by Lance Wicks

I have recently been re-reading Yamashita-Sensei’s “Fighting Spirit” book. In one of the appendix pages is a list of all the wins in his 203 fight winning streak in international contest. I was curious to know what techniques were on the list and what percentages they were used, so I punched the data into Excel and this is what I found.

Techniques Used by Yamashita
Yoko Shiho Gatame4527.95%
Uchi Mata3521.74%
Okuri Eri Jime1911.80%
Kuzure Kesa Gatame116.83%
Osoto Gari95.59%
Ouchi Gari63.73%
Ude Gatame31.86%
Kami Shiho Gatame21.24%
Tate Shiho Gatame21.24%
Kesa Gatame21.24%
Kosoto Gari10.62%
Osoto Guruma10.62%

The table above shows clearly that his highest scoring techniques is Yoko Shiho Gatame, followed by Uchi Mata and then combinations. The definition of combination is a pain as it covers so much, but the data was limited. The next two highest scoring techniques were Ne-Waza techniques and the famous O Soto Gari only comes in at position six on the table. We can probably assume that many of the combinations involved O Soto Gari and Uchi Mata.There are 161 recorded scores, from a winning streak of 203 matches. 42 were won without a deciding score. This would put refereeing decisions squarely at position number two on the list.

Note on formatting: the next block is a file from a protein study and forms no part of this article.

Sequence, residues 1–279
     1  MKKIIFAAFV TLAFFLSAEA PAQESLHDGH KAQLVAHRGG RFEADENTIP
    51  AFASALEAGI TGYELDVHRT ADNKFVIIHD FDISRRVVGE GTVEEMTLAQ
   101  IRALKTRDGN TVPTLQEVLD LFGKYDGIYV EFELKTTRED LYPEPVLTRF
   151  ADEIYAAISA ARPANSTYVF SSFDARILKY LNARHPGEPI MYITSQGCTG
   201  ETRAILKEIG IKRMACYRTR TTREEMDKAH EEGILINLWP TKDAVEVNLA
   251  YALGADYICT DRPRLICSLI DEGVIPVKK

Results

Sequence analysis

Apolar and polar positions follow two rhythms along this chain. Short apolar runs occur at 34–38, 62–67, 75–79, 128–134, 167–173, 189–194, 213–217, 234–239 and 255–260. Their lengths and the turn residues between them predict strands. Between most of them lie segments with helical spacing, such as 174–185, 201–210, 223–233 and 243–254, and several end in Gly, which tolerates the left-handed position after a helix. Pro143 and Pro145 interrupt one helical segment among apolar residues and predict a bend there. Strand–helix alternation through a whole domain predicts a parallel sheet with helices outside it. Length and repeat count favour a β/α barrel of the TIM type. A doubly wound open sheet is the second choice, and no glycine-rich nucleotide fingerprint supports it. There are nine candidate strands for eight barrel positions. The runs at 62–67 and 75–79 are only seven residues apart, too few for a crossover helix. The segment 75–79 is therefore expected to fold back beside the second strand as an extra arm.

A brief inspection of these results can tell us that having a strong Ne-Waza and a strong Tachi-Waza technique is essential. As players we also need to be able to demonstrate to referees that we were the superior player when scores are tied.

As a coach or player, we could decide that we should focus on standing and groundwork. Ensuring that players are positive and are able to influence the referee is vital. To this end, players should practise influencing the referee’s decisions in just the same way as they would any other Judo skill.